Stories#064 Alain’s entrepreneurial university

#064 Alain’s entrepreneurial university

The story of Raymond’s signature wish is a story of Alain’s entrepreneurial university

Senior lecturer in business administration Raymond Loohuis believes that UT students should have a clear signature: a quality that immediately makes them stand out as being from Twente. According to start-up investor and UT-alumnus Alain le Loux such a characteristic is indeed reflected in the Shaping2030 ambitions. But, he says, there is still work to be done. ‘As an entrepreneur, it is quite difficult to gain access to the university.’

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Monday 7 February 2022

Like a rubik's cube

Raymond: ‘Hey, your LinkedIn profile is impressive. Business development for entrepreneurs…’

Alain: ‘That’s right, I’m bringing technology to the market. I made a career at PinkRoccade, a technology company. My colleagues used to call me ‘the only entrepreneur on our payroll’. Now I am indeed an entrepreneur: I invest in start-up tech companies. Pioneering is what I like best. I would rather take a new company from zero to one than make an existing company even bigger.’ 

Raymond: ‘So you’re not employed by the UT, and you graduated a while ago now. How did you end up here again?’

Alain: ‘In 2009 I started working for Novel-T, a UT spin-off that promotes high-tech innovation and entrepreneurship. I hadn’t been at university since I graduated in 1995. Damn, I thought, almost nothing has changed!’

Raymond: ‘And was that really the case?’ 

Alain: ‘Well, when I looked more closely, of course some things were different. What struck me: when I was studying in the early 1990s, there wasn’t a single foreign student. Now I suddenly heard people talking German and English in De Waaier. Also: when you are a student, you are in the educational stream. You have no idea that the university is also a research institution. I think you should bring these two streams together more.’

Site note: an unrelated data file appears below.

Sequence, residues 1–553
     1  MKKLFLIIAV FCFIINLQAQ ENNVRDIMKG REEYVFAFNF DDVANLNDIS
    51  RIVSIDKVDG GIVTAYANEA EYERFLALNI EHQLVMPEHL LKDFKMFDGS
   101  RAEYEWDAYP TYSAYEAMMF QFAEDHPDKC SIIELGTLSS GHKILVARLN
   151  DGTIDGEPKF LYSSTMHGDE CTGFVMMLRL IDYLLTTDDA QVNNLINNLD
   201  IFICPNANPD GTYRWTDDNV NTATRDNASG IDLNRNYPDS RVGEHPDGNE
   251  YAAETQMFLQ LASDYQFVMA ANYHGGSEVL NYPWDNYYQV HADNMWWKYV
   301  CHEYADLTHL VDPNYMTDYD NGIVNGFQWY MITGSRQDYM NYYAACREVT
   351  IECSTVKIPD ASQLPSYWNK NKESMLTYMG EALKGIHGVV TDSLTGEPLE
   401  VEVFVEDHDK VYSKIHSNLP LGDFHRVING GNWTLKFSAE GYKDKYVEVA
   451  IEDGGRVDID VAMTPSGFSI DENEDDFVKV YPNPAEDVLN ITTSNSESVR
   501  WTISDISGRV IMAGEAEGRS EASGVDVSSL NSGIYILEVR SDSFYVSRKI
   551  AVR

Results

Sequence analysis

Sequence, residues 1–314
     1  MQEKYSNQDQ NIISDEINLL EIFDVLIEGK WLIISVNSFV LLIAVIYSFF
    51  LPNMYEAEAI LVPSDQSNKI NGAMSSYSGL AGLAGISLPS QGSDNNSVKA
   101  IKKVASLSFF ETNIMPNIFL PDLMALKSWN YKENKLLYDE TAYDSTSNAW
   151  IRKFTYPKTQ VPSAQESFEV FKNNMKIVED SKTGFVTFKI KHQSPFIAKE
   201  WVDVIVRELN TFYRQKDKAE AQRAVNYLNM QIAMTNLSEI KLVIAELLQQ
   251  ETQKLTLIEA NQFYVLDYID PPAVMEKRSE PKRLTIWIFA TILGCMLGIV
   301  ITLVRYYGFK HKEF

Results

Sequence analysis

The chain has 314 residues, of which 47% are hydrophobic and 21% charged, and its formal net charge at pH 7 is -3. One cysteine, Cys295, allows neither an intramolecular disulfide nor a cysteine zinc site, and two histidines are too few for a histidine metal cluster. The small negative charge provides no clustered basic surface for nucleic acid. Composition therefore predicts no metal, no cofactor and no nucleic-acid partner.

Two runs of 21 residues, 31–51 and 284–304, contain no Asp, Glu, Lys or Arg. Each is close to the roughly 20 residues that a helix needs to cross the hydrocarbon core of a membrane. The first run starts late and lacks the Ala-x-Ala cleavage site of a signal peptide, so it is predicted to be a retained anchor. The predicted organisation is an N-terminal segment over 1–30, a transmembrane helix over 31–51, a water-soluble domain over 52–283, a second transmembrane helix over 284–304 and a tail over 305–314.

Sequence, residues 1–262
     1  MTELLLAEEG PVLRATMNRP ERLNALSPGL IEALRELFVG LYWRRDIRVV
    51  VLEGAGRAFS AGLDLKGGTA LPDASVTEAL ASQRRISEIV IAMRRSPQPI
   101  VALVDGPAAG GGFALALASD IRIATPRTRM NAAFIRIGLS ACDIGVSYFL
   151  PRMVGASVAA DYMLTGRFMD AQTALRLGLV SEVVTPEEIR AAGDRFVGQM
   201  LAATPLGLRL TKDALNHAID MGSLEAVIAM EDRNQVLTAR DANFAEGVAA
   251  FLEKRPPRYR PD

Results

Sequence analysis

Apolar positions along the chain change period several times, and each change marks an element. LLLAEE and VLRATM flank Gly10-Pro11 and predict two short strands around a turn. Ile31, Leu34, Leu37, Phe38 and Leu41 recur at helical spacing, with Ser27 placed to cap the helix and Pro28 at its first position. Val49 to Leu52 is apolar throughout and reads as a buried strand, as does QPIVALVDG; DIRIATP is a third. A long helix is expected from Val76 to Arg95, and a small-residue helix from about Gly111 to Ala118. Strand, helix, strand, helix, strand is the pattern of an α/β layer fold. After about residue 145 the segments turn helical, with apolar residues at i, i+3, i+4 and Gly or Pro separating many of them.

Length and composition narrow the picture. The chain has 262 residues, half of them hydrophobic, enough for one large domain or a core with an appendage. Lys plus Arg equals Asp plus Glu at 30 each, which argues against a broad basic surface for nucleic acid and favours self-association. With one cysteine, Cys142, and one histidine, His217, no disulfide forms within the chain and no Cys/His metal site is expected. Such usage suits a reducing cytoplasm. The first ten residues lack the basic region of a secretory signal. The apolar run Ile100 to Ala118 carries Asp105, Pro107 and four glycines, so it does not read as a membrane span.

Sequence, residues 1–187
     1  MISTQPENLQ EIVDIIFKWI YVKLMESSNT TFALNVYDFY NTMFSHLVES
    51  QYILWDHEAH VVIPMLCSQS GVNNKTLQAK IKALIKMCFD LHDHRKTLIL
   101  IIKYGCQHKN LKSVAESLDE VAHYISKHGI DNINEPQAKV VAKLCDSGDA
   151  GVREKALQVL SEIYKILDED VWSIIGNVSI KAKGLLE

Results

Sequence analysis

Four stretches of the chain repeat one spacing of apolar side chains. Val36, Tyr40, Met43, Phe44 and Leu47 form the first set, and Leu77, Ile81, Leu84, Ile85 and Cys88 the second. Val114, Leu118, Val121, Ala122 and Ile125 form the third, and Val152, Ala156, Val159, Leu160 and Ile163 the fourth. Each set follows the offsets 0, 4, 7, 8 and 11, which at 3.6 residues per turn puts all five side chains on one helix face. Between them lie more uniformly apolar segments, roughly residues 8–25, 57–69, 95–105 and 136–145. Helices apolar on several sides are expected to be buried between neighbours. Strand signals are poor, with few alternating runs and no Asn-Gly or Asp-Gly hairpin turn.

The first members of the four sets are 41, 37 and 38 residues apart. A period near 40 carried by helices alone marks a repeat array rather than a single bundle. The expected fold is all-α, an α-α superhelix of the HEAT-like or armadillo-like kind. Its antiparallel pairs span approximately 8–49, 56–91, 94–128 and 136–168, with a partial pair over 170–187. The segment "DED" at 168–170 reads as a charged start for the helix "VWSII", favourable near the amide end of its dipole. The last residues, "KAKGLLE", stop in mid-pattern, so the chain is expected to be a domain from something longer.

Raymond: ‘Yes, we do that more and more: some colleagues see students as junior researchers. How are you involved with Novel-T and UT at the moment?’

Alain: ‘I am a regular guest speaker in Enschede. Recently I gave a presentation to SMEs, about the financial side of entrepreneurship, like pricing and business models. And I coach PhD students when they start their own business. It’s a great job: PhD students are genuinely grateful when you help them.’

Raymond: ‘What tip do you have for people who are considering starting a company?’

Alain: ‘As an entrepreneur, it’s important to have a broad overview. You shouldn’t just look at it from a technical or financial point of view, all aspects are important. Good marketing is of little use if your product is bad. It’s like a Rubik’s Cube: you can make one surface completely perfect, but if the other sides aren’t right, you have nothing.’

Raymond: ‘Would you say bringing new technology to the market is reflected in UT’s Shaping2030 ambitions?’

Alain: ‘Yes, but when I was a student, UT called itself the entrepreneurial university. I think it’s a shame that this slogan has disappeared. Entrepreneurship is UT’s biggest strength.’

Raymond: ‘How does that strength show?’

Alain: ‘As a student I never realised it, but I didn’t study just engineering. I also took classes on society, psychology and communication studies. Very useful, because there’s a lot more to getting robots accepted in the workplace than the technology alone, for example. That’s the nice thing about UT: here, all aspects come together.’